I don’t need time. What I need is a deadline.
“I don’t need time. What I need is a deadline.”
This was shared by Tim Ferris in his Five Bullet Friday. This makes a lot of sense to me. Do you remember the last time you completed a task that had a definitive deadline? Compared to a task that had no definitive end date?
Don’t we all work better to a deadline? I’ve always found a specific end date for a task to be a much better motivator than an unending time period to get something done.
When I had a year to complete my degree dissertation we all planned our years appropriately with literature reviews and primary research studies all planned in various windows of time during the year. I did the normal thing of not really getting much done and leaving it to the last month. In fact, when I got about three weeks out I realised my entire premise was flawed and I scrapped my hypothesis and started with a fresh one. In those three weeks I managed to squeeze in what had previously been expected to be a year long project. Primary research, literature review, statistical analysis, the lot – and I scored well for the project too!
Sometimes having more time is detrimental to the task in hand. Is it a very human thing to need a fixed end time for a task? Or are we a subset of humans that don’t work well without limits? Maybe the planners and doers who don’t need deadlines are the minority, because most people I know struggle to complete things unless there’s a set end date for the job.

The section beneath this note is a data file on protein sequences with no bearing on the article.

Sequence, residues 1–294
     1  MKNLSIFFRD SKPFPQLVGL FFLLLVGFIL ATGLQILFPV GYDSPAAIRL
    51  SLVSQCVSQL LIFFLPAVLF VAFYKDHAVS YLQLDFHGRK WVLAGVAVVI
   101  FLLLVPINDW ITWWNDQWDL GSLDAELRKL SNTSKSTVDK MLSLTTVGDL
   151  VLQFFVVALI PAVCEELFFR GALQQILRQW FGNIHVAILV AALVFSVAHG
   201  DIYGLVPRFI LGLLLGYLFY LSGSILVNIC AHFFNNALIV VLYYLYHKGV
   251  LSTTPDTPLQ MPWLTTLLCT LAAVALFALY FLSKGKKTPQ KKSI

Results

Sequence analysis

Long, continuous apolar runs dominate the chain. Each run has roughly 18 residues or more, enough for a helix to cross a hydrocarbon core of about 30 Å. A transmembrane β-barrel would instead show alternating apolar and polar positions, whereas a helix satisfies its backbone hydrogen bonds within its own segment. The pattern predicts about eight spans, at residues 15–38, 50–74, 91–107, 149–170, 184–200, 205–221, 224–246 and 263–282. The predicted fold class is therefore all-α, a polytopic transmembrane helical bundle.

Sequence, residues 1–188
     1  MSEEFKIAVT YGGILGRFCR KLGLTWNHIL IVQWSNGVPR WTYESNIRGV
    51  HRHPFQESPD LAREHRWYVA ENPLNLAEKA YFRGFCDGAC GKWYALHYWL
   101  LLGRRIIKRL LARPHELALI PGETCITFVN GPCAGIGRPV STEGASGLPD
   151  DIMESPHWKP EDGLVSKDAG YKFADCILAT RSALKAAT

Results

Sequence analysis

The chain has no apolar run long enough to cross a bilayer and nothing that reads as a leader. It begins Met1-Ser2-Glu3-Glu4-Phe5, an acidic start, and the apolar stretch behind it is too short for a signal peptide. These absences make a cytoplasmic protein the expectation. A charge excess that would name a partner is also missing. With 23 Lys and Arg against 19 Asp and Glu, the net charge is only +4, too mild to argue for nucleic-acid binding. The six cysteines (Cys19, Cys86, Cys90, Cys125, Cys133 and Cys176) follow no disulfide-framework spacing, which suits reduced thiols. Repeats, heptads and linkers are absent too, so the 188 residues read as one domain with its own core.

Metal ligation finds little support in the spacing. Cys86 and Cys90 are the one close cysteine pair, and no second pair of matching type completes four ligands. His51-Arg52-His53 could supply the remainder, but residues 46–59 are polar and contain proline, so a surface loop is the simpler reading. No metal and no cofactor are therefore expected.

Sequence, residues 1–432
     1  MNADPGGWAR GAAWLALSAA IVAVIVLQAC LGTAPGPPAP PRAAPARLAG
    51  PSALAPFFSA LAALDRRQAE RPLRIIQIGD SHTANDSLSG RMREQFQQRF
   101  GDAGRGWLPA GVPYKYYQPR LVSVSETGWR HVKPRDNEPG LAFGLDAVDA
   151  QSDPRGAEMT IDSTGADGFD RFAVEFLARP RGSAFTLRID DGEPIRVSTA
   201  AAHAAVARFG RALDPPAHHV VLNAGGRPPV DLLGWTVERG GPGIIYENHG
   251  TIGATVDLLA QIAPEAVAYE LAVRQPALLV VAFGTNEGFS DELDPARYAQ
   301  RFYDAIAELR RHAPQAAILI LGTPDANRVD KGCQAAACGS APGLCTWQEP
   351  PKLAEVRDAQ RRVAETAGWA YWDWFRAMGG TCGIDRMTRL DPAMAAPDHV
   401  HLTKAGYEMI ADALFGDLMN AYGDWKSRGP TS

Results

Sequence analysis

My wife and I have recently started setting specific goals around our long and short term targets. Even down to the fine schedule of our morning e.g the alarm goes off at 5:30 and we must be up by 5:45, half an hour of meditation, half an hour of reading or writing. Each block of time having a definitive start and finish.
Time counting down in the background for me makes the task more pressured and therefore I tend to think quicker and trust my decisions. Possibly this is a way to get in to the flow state more promptly and trusting that I will get the right results.
I remember reading a study a while back (here) showing people tend to make better decisions when they need to go to the bathroom. A full bladder makes us work quicker and more efficiently – probably for the same reason, there’s a physical time limit on how long we’ve got to make the decisions and act in the task we’re currently carrying out.
I’m going to try putting more time limits on life goals such as debt recovery, savings accounts, travel plans and daily tasks because all the evidence points to it improving the likelihood of completion.